Real Magic Begins With Entrepreneurs

Why Entrepreneurs Will Save Physical Therapy

Real Magic Begins With Entrepreneurs

Entrepreneurs. The physical therapy profession benefits from a rich history of innovators and entrepreneurs. We all have been blessed by pioneers like Florence Kendall, Robin McKenzie, Shirley Sahrmann and many more. These therapy entrepreneurs(before entrepreneurship was hip) saw health problems in their patients and despite resistance created innovative ways to solve them.

Why Entreprenuers will save

The physical therapy profession exists to make a distinctive difference in the lives of individuals and society. This is starting point and ending point of our mission–changing lives for the better. It always has and will always be the mission of our profession.

Any professional group is composed of individuals that are it’s representatives on a daily basis. It’s important for every therapist to think carefully about answering a central question.

What is my mission?

It’s such a simple question but it goes right to the heart of how our profession stays effective and relevant during these tumultuous times. Every truly great profession demonstrates the ability to preserve its core mission while it responds to changing realities.

A new reality that therapists must adapt to is how therapy services are paid for in the new healthcare economy. Without sacrificing our core mission we must adapt our educational programs, delivery methods, strategies, clinical practices, marketing, business models etc.

Making A Lasting Impact–John Childs PT [ff#73]

The Power of Mentorship

john childs pt

Can one person really make a difference?

Muhammad Ali was widely known as ‘The Greatest’. He’ll be remembered as one of the most significant and influential sport figures of the 20th century. Ali had an impact on millions of people throughout the world. His death caused me to reflect on his inspiring and somewhat controversial legacy.

How much difference can one person make out of 7 billion people on planet earth?

How about one therapist in the midst of the 200,000 licensed therapists in the United States?

If we focus solely on the numbers and professional accomplishments then individuals can become unimportant. Despite his greatness Ali never forgot the importance of connecting with people one on one. I know it’s important to capitalize on the strength in our PT numbers but we must not lose the worth of every individual therapist.

Do you want to make your life count for something? Do you want your career to consist of more than going to work, seeing patients and making a living?

The desire for making an impact and leaving a legacy is hard wired in most of us.

DO YOU WANT TO BE YOUR OWN BOSS?

Why Being a Therapy Entrepreneur Makes Sense

lemonade stand

Remember the good old days in physical therapy?

Therapists relied on a stable industry with positive career growth and mobility.  PT graduates were paid a competitive salary that allowed them to pay off reasonable school loans in a realistic time.

Good jobs were abundant in choice locations and specialties. Skilled therapists were allowed the necessary time to develop their craft as patients made substantial progress.  Therapists had the environment to deeply connect with patients which often lead to a meaningful experience for both parties.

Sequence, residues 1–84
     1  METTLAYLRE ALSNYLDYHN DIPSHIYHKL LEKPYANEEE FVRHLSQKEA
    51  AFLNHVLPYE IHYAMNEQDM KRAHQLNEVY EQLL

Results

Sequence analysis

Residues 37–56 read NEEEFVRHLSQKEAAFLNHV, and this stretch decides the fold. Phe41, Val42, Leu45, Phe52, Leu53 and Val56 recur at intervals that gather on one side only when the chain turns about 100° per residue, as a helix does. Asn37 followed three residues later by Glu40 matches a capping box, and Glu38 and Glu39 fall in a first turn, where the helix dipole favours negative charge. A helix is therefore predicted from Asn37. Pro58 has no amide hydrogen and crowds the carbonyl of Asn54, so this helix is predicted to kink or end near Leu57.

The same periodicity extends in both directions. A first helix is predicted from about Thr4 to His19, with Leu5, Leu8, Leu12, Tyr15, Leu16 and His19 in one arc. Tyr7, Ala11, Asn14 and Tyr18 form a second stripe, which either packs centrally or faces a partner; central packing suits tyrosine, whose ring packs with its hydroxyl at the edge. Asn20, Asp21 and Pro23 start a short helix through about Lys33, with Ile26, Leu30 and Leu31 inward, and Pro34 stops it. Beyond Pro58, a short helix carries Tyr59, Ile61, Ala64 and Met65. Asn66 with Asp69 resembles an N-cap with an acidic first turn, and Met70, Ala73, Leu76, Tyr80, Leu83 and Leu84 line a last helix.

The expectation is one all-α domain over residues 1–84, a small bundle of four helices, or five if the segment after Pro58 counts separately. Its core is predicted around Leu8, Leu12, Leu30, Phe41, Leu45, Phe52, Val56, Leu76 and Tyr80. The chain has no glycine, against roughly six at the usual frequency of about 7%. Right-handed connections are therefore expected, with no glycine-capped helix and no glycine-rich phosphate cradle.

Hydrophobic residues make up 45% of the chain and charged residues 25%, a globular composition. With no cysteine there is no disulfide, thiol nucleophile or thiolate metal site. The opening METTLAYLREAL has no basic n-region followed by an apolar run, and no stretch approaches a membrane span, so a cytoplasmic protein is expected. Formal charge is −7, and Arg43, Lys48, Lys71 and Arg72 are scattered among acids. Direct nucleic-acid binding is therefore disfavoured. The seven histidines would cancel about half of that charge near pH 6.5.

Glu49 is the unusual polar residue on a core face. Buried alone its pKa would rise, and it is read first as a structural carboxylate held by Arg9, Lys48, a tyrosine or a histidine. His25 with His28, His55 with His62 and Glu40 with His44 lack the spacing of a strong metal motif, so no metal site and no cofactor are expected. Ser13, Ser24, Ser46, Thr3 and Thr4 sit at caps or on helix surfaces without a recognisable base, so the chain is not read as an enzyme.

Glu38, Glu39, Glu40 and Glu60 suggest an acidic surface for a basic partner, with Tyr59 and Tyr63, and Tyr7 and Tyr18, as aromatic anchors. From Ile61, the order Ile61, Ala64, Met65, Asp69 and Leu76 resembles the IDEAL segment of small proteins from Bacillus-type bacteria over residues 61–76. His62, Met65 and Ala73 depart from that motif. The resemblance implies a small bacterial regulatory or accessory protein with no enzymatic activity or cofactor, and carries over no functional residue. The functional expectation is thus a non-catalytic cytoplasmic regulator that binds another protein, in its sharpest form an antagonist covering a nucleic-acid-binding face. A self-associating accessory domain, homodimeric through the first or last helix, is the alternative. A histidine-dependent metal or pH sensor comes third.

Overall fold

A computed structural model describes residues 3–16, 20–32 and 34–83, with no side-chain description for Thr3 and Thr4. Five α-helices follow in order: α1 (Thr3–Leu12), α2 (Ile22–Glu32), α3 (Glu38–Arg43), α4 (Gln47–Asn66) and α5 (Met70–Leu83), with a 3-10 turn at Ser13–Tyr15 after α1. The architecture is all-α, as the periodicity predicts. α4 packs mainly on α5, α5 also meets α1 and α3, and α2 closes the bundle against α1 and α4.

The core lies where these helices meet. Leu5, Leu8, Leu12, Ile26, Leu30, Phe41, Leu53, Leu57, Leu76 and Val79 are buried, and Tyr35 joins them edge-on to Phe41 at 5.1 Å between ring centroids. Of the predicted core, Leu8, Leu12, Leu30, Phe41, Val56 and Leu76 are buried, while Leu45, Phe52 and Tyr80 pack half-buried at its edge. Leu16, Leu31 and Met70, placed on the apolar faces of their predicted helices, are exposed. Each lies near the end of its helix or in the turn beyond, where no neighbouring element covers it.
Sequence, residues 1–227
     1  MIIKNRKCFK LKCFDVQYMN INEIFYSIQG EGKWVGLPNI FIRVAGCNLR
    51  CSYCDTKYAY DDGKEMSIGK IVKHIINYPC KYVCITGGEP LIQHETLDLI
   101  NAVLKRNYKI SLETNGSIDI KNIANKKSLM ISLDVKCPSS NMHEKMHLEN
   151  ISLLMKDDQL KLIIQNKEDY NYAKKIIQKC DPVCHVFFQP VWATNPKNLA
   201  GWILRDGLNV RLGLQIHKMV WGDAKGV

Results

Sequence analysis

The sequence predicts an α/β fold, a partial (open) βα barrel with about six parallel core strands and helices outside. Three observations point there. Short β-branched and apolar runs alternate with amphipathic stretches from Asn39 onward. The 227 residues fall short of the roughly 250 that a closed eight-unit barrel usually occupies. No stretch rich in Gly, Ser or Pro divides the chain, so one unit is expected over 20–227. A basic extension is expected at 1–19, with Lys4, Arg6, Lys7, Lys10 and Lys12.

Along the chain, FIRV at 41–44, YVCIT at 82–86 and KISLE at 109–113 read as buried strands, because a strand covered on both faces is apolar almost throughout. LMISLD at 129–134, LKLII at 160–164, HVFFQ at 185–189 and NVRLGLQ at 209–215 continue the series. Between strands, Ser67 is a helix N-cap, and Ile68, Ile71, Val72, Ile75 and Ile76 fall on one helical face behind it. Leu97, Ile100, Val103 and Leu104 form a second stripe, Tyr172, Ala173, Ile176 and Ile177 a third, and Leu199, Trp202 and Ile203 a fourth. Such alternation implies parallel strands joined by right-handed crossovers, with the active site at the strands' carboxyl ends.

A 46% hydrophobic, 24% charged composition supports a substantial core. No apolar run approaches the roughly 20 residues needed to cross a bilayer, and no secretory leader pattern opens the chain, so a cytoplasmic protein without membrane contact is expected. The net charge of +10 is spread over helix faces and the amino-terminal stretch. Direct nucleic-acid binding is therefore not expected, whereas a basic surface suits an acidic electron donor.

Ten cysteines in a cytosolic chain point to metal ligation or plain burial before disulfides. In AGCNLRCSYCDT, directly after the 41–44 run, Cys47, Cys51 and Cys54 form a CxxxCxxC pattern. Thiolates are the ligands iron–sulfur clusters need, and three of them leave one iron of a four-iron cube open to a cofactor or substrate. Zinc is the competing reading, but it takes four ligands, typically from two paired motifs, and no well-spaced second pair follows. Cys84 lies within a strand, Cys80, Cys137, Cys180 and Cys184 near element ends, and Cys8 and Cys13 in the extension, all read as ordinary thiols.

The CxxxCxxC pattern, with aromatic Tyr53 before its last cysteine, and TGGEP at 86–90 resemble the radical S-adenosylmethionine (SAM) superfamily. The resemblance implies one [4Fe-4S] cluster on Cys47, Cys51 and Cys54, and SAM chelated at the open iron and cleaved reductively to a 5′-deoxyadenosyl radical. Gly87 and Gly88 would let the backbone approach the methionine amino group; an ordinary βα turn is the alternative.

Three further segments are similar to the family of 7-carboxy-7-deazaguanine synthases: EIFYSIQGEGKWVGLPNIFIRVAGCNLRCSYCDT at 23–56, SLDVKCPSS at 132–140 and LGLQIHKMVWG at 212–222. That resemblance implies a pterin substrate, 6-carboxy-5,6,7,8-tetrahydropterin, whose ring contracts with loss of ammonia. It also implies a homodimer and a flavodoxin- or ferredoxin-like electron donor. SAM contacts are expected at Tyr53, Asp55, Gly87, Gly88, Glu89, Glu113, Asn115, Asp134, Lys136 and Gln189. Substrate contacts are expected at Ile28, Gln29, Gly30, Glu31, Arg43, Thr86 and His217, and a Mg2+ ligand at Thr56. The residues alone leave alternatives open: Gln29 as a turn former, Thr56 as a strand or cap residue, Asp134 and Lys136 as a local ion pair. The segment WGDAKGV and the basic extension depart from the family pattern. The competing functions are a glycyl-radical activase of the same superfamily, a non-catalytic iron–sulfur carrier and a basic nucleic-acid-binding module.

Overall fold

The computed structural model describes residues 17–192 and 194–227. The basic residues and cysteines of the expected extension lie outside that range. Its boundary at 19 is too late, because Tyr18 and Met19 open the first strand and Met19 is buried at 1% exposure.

In large most therapists loved their work and encouraged the next generation to think about a career as a therapist. 

Well, times have changed. An over emphasis on cost containment is eroding away the very heart of the physical therapy profession. There are lots of therapists who are unhappy with their jobs. And apparently therapists are not the only ones.

In a recent poll by Gallup reported that only 13 percent of the world’s workers are “engaged” in their jobs. The other 87 perscent feel disconnected from work and more frustrated than fulfilled. Similarly, only 54 percent of physicians said they would select medicine as career if they had to do it over again.

HOW TO INVEST IN YOUR OWN VALUE

warren-buffett-quote-on-value-definition

 

Warren Buffet, the ‘Oracle of Omaha”, is a celebrity in my home state of Nebraska. His reputation for value investing has reached mythical proportions.

Investopedia stated in a 2015 article that $8,175 invested in Berkshire Hathaway in 1990 was worth more the $165,000 by September 2013 as compared to $42,000 in the S&P 500.  Needless to say his value investment philosophy has made investors in his company a lot of money.

Warren Buffet is known worldwide for being a genius at value investing. Value investors buy securities that are currently undervalued by the market based upon a determination of their intrinsic worth. Investopedia goes on to say “Buffet chooses stocks solely based on their overall potential as a company…Buffet seeks not capital gain but ownership in quality companies.”

Therapists regardless of their employment situation can learn a lesson or two from Mr. Buffet on value investing.  All of us need to be mindful of not underselling our value or understanding simple business fundamentals. 

KILLER MARKETING SECRETS FOR PRIVATE PRACTICE–CHAD MADDEN[ff#71]

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chad madden interview

What would you do if you lost your top referral source for the 3RD TIME because of a POPTS practice?

In 2010, Chad Madden PT experienced two therapists leave his private practice to open up their own practice. He had just lost $98,000 in one quarter in his business. He was, in his own words, feeling sorry for himself and playing the victim.

Instead of looking for solutions he was wallowing in his problems.

Then things changed for the better.

Chad went from being a PT victim to a PT allstar by following some very simple steps that he is going to share with us today. 

Grow A Business Without Sacrificing Your Family [ff72]

sarah lyons intreview-4